Sharing an experience and looking to validate some of the challenges vPro demonstration might present in markets outside of North America - especially if the original demonstration environment was created in North America.




A few weeks ago I had the opportunity to travel to Germany for a training event.   The equipment for the training event was sourced locally in Germany.   The result was 13 systems.  (For those that are superstitious – you might quickly identify that this will get interesting).  




Among those 13 systems, there were 4 different OEMs, 3 different keyboard layouts (US, UK, German), 3 different power connectors, 2 generations of Intel AMT (2.6 and 4.x), 3 different versions of Windows (XP, Vista, and Win7), 2 different versions of VMware workstation, and a single VMware workstation image created in North America.   Very little standardization.   A perfect recipe for disaster.




This was my first experience in working with differences that went beyond just QWERTY vs. QWERTZ keyboards.   The password used for the operating system and applications included the @ key.   This was problematic since on a US-based keyboard the location of '@' is Shift-2, yet a German keyboard is AltGr-Q  (press and hold key to right of spacebar, then press Q), and a UK-keyboard is Shift-‘ (press and hold shift, then press ‘ key which is located on third row third key from the right side).   Fortunately I didn’t have to deal with keyboards outside of Latin letters (i.e. A, B, C, etc) – although there are exceptions like the German letter β.





My first realization of internationalization troubles was that BIOS\MEBx screens and key sequences were US-keyboard QWERTY based regardless of the keyboard layout.   I had to ask myself - "Is this always true?".   Since the password included the @ symbol - mentally I had to follow the US-keyboard layout, althought the sequence wouldn't match the printed keys on the system.




When in the host operating system, the “Regional and Language settings” were commonly set to the origin of that system (expect one system which had UK keyboard with US-based Windows Regional and Language settings).   My frustration did not end there – as the VMware environment was set to US-based Regional and Language settings, and had to be adjusted on a per-system configuration basis.



Not all of the windows menus and options were in the same locations between English and German, yet there were similarities.   With the differences of languages between BIOS\MEBx, host windows operating system (with VMware workstation), and demonstration environment – some real-time translation or best guess had to be done.  I know some German, thus I was able to navigate through menus in the host operating system or VMware application, yet it slowed setup and troubleshooting situations.   Fortunately those attending the training knew English better than my German language skills... but frustrating nonetheless.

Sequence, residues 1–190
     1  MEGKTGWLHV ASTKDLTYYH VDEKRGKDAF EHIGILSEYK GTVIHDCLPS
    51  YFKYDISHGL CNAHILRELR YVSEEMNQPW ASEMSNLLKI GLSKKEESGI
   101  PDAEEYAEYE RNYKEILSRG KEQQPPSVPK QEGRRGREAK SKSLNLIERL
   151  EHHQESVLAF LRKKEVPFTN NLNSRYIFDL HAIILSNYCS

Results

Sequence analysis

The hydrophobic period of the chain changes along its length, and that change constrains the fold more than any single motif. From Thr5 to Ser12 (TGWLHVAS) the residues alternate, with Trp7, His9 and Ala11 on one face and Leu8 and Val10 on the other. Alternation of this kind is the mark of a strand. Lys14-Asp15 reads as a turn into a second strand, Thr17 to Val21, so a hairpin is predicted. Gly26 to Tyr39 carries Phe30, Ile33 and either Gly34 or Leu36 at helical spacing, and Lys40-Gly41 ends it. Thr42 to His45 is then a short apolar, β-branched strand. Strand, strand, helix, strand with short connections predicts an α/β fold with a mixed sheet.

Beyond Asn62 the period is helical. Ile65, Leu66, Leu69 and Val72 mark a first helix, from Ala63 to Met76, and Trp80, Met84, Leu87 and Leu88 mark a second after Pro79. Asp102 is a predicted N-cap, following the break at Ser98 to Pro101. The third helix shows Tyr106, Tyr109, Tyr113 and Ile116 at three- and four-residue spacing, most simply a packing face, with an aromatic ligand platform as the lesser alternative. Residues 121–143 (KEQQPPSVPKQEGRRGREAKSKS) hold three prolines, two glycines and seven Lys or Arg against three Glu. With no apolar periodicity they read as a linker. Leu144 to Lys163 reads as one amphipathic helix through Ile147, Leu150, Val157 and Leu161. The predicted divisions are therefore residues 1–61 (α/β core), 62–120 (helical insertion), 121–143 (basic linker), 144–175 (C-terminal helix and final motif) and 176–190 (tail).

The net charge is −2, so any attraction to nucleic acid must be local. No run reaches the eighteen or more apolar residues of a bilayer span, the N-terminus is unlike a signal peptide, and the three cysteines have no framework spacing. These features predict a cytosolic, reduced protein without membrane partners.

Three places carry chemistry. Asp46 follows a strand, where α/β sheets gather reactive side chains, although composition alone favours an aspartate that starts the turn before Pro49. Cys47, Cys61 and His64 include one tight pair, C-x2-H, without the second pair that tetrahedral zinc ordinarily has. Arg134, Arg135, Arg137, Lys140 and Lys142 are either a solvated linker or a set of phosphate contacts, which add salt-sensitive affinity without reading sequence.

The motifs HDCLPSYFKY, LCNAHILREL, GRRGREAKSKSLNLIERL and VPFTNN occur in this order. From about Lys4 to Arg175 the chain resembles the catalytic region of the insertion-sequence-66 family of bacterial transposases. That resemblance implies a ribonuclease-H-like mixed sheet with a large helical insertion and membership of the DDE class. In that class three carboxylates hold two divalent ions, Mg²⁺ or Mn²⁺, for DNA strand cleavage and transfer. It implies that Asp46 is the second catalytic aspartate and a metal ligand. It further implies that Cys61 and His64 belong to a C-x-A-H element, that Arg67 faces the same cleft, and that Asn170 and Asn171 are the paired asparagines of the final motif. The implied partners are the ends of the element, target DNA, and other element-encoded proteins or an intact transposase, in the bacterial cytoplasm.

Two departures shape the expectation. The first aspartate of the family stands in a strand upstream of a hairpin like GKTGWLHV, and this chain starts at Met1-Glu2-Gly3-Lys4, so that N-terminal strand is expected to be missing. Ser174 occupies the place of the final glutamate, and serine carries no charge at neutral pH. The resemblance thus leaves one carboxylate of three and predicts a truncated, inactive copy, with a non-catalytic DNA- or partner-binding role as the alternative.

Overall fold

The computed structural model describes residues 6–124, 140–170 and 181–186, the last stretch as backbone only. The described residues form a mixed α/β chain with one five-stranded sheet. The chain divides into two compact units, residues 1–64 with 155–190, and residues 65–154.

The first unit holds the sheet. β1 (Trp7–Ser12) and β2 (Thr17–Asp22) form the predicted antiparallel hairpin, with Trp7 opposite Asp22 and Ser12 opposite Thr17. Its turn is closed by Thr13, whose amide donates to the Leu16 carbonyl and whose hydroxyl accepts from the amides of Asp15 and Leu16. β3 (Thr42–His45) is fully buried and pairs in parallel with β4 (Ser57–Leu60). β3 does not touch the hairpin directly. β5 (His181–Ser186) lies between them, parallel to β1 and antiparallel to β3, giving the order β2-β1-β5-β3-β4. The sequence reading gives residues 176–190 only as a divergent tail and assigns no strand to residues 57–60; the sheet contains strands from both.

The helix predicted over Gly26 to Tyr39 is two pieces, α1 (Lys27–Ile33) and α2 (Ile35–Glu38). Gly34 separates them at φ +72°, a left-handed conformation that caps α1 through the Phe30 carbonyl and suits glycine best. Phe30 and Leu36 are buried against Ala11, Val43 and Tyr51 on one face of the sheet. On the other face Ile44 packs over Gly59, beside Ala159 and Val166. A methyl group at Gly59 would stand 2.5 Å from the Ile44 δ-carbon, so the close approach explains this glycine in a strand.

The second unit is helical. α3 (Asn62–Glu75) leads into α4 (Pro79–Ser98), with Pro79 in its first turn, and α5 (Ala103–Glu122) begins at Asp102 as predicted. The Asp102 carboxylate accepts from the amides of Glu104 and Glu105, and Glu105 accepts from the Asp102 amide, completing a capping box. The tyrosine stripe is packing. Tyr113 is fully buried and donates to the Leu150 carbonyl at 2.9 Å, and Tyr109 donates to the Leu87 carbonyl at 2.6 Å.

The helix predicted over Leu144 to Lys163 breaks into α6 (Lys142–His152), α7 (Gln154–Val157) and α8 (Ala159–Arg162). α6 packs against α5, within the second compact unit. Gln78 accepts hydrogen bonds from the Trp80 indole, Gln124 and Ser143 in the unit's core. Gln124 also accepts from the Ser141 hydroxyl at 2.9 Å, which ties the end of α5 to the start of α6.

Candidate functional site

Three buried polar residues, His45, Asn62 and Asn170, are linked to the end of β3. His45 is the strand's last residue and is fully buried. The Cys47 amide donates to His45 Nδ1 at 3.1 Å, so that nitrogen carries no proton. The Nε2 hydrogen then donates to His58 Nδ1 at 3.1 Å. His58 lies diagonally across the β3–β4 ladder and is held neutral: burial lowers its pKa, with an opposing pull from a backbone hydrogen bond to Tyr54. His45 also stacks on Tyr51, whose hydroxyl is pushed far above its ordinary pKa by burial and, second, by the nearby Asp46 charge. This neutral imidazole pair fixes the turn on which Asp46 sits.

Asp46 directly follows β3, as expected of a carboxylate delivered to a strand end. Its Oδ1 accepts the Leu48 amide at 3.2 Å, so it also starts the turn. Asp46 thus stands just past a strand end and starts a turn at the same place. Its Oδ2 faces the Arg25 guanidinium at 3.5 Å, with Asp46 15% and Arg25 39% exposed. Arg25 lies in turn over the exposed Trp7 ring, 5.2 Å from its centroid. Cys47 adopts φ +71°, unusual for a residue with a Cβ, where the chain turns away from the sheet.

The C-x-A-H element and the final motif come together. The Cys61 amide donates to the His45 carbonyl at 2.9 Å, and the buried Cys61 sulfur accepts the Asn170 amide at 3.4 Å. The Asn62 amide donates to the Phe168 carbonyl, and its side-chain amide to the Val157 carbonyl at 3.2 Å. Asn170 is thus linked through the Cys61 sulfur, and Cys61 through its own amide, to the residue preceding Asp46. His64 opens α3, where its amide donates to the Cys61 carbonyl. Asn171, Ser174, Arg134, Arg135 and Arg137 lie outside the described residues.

The good news – the underlying vPro functionality was the same, the training was delivered, and a new perspective was obtained by myself and those who received the training.



In talking with my international associates, a few more points were brought to my attention:

  • difference of calendars (for example, those that use Buddhist calendaring system) which may affect Kerberos and certificates
  • application installations may fail when using a foreign language
  • Remote configuration certificate is issued to one domain (i.e. yet will not support international domains (i.e. this one is actually fixed in the latest firmware and will be explained in a separate article





There are likley other subtleties to the challenges of internationalization




Does this all sound familiar to those outside of the US?  




The experience was good for me.   I gained a brief look into much larger challenges on standardizing a technology solution across the globe.